The Cost and Utility of Postreduction Radiographs After Closed Reduction of Pediatric Wrist and Forearm Fractures

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Formal radiographs are frequently obtained after reduction of closed pediatric wrist and forearm fracture performed under mini C-arm fluoroscopy. However, their utility has not been clearly demonstrated to justify the increased time, cost, and radiation exposure. We hypothesized that formal postreduction radiographs do not affect the rereduction rate of pediatric wrist and forearm fractures. We further sought to determine the time, monetary, and opportunity costs associated with obtaining these radiographs.


A total of 119 patients presented to our urban, level I pediatric trauma center from April 2015 to September 2015 with isolated, closed wrist and forearm fractures who underwent sedation and reduction using mini C-arm fluoroscopy. Demographic and injury variables were collected, along with incidence of rereduction and need for future surgery. Time intervals for sedation, awaiting x-ray, and total encounter periods were noted, and total direct and variable indirect costs for each encounter were obtained from our institution’s cost accounting and billing databases. Marginal time and monetary costs were noted and further calculated as a percentage of the total encounter. Opportunity costs were calculated for the time spent obtaining the postreduction radiographs.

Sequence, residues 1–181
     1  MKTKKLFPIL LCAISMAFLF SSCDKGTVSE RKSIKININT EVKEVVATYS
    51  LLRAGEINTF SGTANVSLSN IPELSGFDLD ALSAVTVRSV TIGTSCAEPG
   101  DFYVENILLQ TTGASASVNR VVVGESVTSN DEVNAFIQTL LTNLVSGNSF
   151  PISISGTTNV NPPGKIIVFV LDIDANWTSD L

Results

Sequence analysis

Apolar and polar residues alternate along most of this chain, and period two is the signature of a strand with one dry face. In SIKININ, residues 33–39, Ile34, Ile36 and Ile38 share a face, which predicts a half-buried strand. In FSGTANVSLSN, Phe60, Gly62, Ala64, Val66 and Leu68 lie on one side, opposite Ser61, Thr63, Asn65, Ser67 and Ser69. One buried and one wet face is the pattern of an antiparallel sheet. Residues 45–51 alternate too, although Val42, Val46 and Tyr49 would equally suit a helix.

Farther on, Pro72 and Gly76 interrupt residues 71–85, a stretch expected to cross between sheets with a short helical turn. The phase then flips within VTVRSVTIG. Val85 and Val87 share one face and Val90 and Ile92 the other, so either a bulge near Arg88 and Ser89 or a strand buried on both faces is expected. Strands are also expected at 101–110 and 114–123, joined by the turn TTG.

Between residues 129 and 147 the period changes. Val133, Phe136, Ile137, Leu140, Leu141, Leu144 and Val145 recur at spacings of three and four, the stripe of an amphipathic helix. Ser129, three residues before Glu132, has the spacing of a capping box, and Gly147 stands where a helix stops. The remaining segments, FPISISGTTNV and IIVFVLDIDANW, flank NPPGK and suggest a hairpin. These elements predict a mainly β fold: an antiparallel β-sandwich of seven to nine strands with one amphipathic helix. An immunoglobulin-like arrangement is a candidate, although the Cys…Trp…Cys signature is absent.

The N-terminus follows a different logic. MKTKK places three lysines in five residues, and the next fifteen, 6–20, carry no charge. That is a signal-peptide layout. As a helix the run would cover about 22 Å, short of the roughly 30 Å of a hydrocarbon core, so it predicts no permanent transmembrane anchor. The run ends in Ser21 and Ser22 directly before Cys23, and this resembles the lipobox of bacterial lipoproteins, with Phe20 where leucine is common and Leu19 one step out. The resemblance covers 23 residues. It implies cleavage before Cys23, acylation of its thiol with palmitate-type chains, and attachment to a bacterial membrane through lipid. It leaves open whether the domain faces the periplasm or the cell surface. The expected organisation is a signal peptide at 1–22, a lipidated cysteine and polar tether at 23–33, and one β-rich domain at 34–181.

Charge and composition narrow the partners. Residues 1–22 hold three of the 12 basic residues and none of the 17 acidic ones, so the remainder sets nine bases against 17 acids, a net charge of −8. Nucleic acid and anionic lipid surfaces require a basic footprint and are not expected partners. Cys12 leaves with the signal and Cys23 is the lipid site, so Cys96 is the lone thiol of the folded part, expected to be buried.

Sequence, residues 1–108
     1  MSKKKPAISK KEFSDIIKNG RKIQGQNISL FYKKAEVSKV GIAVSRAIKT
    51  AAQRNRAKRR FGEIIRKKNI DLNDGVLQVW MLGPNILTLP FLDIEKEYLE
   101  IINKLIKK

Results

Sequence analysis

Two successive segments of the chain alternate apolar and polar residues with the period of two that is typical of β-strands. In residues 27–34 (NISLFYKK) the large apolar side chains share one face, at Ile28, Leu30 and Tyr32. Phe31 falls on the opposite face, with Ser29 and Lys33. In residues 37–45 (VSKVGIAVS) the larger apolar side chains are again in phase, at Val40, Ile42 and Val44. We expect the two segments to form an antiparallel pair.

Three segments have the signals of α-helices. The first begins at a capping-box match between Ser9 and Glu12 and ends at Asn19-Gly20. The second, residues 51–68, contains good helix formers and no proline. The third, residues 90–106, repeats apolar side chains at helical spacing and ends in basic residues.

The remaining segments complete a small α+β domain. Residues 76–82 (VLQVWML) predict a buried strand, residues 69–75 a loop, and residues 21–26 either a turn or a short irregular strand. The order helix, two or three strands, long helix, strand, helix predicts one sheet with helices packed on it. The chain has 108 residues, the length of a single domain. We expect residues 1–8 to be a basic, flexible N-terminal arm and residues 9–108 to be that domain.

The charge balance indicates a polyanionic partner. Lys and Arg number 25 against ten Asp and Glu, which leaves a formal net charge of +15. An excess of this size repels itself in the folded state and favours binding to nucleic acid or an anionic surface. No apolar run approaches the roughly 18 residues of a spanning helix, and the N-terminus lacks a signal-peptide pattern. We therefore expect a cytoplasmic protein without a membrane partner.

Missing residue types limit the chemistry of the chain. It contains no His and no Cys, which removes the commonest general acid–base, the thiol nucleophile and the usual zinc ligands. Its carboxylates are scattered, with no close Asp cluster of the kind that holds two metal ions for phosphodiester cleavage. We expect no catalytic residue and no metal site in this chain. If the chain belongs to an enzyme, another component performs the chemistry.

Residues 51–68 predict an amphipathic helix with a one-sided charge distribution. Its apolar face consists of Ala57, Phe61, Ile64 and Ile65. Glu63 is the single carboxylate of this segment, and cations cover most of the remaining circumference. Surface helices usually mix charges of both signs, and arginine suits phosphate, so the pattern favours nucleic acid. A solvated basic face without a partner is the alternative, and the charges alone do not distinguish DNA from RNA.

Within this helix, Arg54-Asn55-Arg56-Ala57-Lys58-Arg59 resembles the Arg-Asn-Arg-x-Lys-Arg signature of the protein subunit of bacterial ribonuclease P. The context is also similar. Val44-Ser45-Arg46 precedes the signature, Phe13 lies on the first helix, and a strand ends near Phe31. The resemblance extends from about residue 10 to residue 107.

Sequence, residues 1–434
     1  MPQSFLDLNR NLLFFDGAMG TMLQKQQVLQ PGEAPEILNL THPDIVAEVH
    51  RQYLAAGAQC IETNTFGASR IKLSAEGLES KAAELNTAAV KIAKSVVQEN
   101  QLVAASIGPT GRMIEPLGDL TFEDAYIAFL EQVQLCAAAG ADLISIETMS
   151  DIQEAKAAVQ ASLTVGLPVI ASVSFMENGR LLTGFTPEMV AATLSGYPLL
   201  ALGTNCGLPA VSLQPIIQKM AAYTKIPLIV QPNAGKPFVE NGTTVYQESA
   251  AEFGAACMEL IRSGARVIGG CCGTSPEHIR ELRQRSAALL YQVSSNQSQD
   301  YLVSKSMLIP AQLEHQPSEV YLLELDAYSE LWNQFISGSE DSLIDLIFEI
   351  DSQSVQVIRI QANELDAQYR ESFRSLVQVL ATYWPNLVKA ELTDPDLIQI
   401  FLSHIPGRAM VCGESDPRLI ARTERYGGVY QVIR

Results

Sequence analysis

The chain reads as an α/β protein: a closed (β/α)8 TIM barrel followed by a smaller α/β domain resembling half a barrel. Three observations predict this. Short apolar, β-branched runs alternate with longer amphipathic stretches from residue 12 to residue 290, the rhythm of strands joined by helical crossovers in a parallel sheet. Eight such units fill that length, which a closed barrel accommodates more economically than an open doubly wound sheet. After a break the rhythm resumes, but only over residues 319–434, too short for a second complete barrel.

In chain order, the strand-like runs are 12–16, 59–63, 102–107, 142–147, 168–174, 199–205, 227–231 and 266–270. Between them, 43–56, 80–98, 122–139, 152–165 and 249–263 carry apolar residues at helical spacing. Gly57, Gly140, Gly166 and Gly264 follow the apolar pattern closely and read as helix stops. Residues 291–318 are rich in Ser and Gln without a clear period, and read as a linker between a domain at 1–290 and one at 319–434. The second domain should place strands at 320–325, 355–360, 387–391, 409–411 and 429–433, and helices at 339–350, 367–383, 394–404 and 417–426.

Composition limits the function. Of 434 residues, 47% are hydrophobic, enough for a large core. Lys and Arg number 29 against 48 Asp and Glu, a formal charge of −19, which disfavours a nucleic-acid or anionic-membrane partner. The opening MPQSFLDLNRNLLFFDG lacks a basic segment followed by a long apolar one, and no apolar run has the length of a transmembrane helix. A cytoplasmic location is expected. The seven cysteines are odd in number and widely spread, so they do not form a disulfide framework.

Of 119 patients with isolated, closed wrist or forearm fractures, none required rereduction after initial reduction using sedation and mini C-arm fluoroscopy. Postreduction radiographs required an average of 26.2 minutes beyond the end of sedation, or 7.3% of the encounter time and cost. The direct cost of the x-ray was 2.6% of the encounter cost. With our institution’s annual volume, this time could have been used to see an additional 656 patients per year.


Postreduction formal radiographs did not result in changes in management. There are significant direct and opportunity costs for each patient who undergoes additional formal radiographs. Pediatric patients with isolated, closed wrist or forearm fractures do not routinely need formal radiographs after reduction under mini C-arm fluoroscopy.

Level of Evidence:

Level IV—Therapeutic.

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